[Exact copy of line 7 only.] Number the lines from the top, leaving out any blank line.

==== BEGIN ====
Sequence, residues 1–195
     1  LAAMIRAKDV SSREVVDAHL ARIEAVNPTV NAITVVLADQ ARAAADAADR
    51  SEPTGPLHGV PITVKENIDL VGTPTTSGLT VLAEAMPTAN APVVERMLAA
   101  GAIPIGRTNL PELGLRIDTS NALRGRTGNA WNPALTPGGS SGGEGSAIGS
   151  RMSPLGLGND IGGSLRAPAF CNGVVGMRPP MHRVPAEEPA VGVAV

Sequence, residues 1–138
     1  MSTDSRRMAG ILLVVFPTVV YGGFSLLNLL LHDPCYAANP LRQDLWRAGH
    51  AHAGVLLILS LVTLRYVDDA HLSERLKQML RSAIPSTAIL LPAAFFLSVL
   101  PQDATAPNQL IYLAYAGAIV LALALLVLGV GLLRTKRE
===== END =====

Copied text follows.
     1  MSTDSRRMAG ILLVVFPTVV YGGFSLLNLL LHDPCYAANP LRQDLWRAGH